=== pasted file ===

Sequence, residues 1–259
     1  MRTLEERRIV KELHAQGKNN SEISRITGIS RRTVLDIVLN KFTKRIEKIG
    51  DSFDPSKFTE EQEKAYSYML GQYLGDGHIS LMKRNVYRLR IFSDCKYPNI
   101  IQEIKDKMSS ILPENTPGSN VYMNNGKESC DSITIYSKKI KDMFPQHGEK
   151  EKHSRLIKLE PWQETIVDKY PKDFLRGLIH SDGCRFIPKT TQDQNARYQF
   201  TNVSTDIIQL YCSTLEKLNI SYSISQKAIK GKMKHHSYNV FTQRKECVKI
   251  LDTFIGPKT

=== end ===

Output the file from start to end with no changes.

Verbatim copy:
Sequence, residues 1–259
     1  MRTLEERRIV KELHAQGKNN SEISRITGIS RRTVLDIVLN KFTKRIEKIG
    51  DSFDPSKFTE EQEKAYSYML GQYLGDGHIS LMKRNVYRLR IFSDCKYPNI
   101  IQEIKDKMSS ILPENTPGSN VYMNNGKESC DSITIYSKKI KDMFPQHGEK
   151  EKHSRLIKLE PWQETIVDKY PKDFLRGLIH SDGCRFIPKT TQDQNARYQF
   201  TNVSTDIIQL YCSTLEKLNI SYSISQKAIK GKMKHHSYNV FTQRKECVKI
   251  LDTFIGPKT